\begin{gather*}
    a + b = c \\
    \\
    x^2 + y^2 = z^2 \\
    \\
    e^{i\pi} + 1 = 0 \\
    \\
    \int_{0}^{\infty} e^{-x^2} dx = \frac{\sqrt{\pi}}{2}
\end{gather*}

\end{document}

Output :

Adding Extra \nonumber \\ with number equation

In the align environment, each line is automatically numbered. If you want to add extra space without adding a number to the blank line, you use \nonumber \\.

\documentclass[12pt]{article}
\usepackage{amsmath,xcolor,lipsum}
\usepackage[margin=1.5cm]{geometry}
\begin{document}
\pagecolor{green!20}
\section*{Without nonumber command}

In the case of number equations, what will be the result if \verb|\nonumber| command is not used? Observe the following grouping equation.

\begin{align}
   a & = b + c \\
   \\ 
   x & = y - z \\
   \\ 
   m & = n + o
\end{align}

\section*{With nonumber command}
Nulla malesuada porttitor diam. Donec felis erat, congue non, volutpat at, tincidunt tristique, libero.
Vivamus viverra fermentum felis. Donec nonummy pellentesque ante. Phasellus adipiscing semper elit.
Proin fermentum massa ac quam.
\begin{align}
    a & = b + c \\
    \nonumber \\ % Extra space, no equation number
    x & = y - z \\
    \nonumber \\ % More extra space, no equation number
    m & = n + o
\end{align}
\lipsum[4][2-7]

\begin{gather}
    a + b = c \\
    \nonumber \\
    x^2 + y^2 = z^2 \\    
    \nonumber \\
    e^{i\pi} + 1 = 0 \\
    \nonumber \\
    \int_{0}^{\infty} e^{-x^2} dx = \frac{\sqrt{\pi}}{2}
\end{gather}
\end{document}

Output :

\setlength{\jot}{length} command is used from mathtools package

The \jot command in LaTeX, particularly when using the mathtools package, is a length command that specifies an additional vertical space between lines in math environments.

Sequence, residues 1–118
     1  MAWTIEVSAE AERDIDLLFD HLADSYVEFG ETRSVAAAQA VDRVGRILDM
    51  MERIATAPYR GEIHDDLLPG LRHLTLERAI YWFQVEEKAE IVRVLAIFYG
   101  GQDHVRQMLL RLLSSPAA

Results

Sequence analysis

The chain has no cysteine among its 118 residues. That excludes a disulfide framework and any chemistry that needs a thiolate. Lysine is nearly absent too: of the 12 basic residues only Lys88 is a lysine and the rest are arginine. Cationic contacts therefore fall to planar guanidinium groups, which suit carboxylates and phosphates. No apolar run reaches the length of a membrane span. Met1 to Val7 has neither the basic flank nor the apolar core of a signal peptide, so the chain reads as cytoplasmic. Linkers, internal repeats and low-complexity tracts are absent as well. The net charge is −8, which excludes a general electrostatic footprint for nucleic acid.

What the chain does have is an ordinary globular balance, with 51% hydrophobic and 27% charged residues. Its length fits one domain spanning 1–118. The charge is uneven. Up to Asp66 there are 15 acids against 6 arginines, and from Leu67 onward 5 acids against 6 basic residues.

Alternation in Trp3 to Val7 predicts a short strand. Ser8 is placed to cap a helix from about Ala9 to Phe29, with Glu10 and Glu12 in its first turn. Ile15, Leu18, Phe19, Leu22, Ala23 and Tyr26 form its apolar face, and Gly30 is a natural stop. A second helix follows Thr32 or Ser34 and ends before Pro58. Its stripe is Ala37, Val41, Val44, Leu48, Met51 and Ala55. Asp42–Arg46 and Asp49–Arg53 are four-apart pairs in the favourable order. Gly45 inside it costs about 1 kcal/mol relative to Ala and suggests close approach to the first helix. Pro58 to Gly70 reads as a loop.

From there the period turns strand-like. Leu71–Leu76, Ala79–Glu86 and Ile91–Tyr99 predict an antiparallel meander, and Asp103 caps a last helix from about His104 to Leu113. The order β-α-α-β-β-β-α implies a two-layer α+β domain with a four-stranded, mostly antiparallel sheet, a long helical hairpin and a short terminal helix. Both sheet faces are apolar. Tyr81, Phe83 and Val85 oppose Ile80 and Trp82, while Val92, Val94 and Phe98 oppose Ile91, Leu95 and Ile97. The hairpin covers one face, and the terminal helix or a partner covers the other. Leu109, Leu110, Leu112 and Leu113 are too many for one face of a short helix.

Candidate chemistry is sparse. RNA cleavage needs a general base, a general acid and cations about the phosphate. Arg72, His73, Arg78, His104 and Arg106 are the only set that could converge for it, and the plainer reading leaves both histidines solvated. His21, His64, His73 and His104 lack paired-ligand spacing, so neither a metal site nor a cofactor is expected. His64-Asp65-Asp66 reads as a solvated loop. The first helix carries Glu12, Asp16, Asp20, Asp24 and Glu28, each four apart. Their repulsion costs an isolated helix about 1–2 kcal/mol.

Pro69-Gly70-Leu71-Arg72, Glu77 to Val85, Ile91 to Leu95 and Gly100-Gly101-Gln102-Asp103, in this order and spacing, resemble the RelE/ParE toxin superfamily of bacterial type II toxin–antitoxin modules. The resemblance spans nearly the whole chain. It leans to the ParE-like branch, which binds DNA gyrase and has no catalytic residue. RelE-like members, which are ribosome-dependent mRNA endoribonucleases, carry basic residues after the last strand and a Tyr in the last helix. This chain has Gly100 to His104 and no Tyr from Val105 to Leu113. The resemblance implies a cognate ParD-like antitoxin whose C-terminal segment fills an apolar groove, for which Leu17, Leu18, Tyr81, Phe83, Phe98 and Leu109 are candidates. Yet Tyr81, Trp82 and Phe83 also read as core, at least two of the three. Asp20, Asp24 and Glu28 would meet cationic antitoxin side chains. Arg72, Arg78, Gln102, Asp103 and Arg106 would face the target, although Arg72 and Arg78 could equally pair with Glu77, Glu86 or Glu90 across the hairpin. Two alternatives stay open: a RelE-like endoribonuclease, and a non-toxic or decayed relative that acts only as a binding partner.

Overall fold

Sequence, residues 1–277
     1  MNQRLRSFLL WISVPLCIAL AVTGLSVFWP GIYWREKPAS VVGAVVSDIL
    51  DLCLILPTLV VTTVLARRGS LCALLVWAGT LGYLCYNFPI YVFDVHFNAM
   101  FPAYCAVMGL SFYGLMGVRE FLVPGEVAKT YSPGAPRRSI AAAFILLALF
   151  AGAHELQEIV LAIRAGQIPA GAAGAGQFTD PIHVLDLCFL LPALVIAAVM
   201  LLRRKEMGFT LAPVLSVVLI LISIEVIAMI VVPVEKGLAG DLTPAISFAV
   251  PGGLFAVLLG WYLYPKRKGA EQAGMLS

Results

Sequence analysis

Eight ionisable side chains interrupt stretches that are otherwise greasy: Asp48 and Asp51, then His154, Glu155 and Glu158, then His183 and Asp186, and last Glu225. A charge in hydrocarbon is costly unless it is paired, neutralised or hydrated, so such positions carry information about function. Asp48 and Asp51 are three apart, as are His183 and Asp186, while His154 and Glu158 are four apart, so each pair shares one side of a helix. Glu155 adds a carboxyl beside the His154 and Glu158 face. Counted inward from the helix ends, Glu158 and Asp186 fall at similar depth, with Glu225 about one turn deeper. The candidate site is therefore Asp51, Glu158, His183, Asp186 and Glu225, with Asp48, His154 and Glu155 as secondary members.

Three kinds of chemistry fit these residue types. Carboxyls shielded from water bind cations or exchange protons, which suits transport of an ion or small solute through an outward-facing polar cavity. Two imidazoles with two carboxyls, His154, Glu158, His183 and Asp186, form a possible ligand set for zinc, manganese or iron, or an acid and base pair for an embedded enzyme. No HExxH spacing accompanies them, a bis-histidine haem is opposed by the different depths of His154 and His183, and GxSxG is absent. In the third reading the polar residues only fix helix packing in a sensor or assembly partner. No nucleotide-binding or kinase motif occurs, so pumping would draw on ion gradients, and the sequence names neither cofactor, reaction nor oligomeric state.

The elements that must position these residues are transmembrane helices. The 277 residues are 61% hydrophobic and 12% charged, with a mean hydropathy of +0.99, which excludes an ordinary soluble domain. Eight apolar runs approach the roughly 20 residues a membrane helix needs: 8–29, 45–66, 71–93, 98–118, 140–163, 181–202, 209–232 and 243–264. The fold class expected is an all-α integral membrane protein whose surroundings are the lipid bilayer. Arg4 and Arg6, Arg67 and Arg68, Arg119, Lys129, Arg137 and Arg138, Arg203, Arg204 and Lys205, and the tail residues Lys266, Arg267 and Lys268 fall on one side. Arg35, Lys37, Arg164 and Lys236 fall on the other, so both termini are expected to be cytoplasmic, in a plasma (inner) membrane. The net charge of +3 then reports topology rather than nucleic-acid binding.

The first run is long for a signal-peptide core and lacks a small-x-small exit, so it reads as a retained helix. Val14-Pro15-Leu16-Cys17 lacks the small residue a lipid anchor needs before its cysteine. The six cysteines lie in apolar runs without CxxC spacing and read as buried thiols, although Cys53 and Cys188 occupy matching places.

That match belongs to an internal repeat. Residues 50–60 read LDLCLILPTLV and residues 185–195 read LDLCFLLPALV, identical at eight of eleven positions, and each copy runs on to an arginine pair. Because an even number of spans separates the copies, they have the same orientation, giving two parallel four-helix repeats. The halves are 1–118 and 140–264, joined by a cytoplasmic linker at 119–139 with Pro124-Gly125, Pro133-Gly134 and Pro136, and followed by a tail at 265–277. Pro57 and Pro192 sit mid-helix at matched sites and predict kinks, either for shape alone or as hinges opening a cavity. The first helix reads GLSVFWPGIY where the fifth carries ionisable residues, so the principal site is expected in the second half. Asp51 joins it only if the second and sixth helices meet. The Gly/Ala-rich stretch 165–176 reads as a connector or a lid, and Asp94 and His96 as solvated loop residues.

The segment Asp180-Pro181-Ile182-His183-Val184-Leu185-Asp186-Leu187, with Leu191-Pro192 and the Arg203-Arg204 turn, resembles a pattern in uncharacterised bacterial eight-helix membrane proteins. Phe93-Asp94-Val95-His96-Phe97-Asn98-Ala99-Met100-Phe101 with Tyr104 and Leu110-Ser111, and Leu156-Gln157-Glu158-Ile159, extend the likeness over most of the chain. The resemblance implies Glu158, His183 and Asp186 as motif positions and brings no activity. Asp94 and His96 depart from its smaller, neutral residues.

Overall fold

This can be particularly useful for making equations more readable by increasing the spacing between lines. You can use \jot both locally (within a specific environment) and globally (affecting the entire document).

Using \setlength{\jot}{length} locally

To use \jot locally, you modify the spacing within a specific math environment. This approach is preferred when you want to increase the spacing for a particular set of equations without affecting the rest of your document.

\documentclass[11pt]{article}
\usepackage{mathtools,lipsum,xcolor}
\usepackage[margin=1.5cm]{geometry} % for margin
\begin{document}
\pagecolor{red!20} % for page color
\lipsum[2][5-9]

{\setlength{\jot}{20px} 
\begin{align}
  f(x) &= ax^2 + bx + c \\
  g(x) &= dx^2 + ex + f \\
  h(x) &= gx^2 + hx + i \\
  j(x) &= kx^2 + lx + m
\end{align}}

\vspace{5px}

\lipsum[3][3-9]

{\setlength{\jot}{20pt}
\begin{align}
    \int x \, dx &= \frac{1}{2}x^2 + C \\
    \int x^2 \, dx &= \frac{1}{3}x^3 + C \\
    \int x^3 \, dx &= \frac{1}{4}x^4 + C \\
    \int x^4 \, dx &= \frac{1}{5}x^5 + C
\end{align}}

\vspace{5px}

\lipsum[4][2-7]

{\setlength{\jot}{25px}
\begin{gather}
  \sum_{i=1}^{n} a_i = a_1 + a_2 + \cdots + a_n \\
  \sum_{i=1}^{n} a_i b_i = a_1 b_1 + a_2 b_2 + \cdots + a_n b_n \\
  \sum_{i=1}^{n} a_i b_i c_i = a_1 b_1 c_1 + a_2 b_2 c_2 + \cdots + a_n b_n c_n
\end{gather}}
\end{document}

Output :

Using \setlength{\jot}{length} globally

If you want to increase the line spacing for all math environments in your document, you can set \jot length globally in the preamble.

\documentclass[11pt]{article}
\usepackage{mathtools,lipsum,xcolor}
\usepackage[margin=1.5cm]{geometry} % for margin
\setlength{\jot}{25pt} % vertical space 25pt
\begin{document}
\pagecolor{yellow!20} % for page color
\lipsum[1][5-9]
\begin{align}
  f(x) &= ax^2 + bx + c \\
  g(x) &= dx^2 + ex + f 
\end{align}
 \lipsum[2][5-10]
\begin{align*}
    \int x \, dx &= \frac{1}{2}x^2 + C \\
    \int x^2 \, dx &= \frac{1}{3}x^3 + C \\
    \int x^3 \, dx &= \frac{1}{4}x^4 + C 
\end{align*}
\lipsum[4][2-10]
\begin{gather}
  \sum_{i=1}^{n} a_i = a_1 + a_2 + \cdots + a_n \\
  \sum_{i=1}^{n} a_i b_i = a_1 b_1 + a_2 b_2 + \cdots + a_n b_n \\
  \sum_{i=1}^{n} a_i b_i c_i = a_1 b_1 c_1 + a_2 b_2 c_2 + \cdots + a_n b_n c_n
\end{gather}
\end{document}

Output :

Conclusion

Each method has different advantages. Used depending on the situation. The \setlength{\jot}{length} command is a best practice that allows you to increase the space between math expressions locally and globally. Also, there are \\[length] commands that need to be used repeatedly for each line.

So, in this tutorial every method is represented in such a beautiful way that you will not have any problem related to vertical space.

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Md Jidan Mondal

LaTeX expert with over 10 years of experience in document preparation and typesetting. Specializes in creating professional documents, reports, and presentations using LaTeX.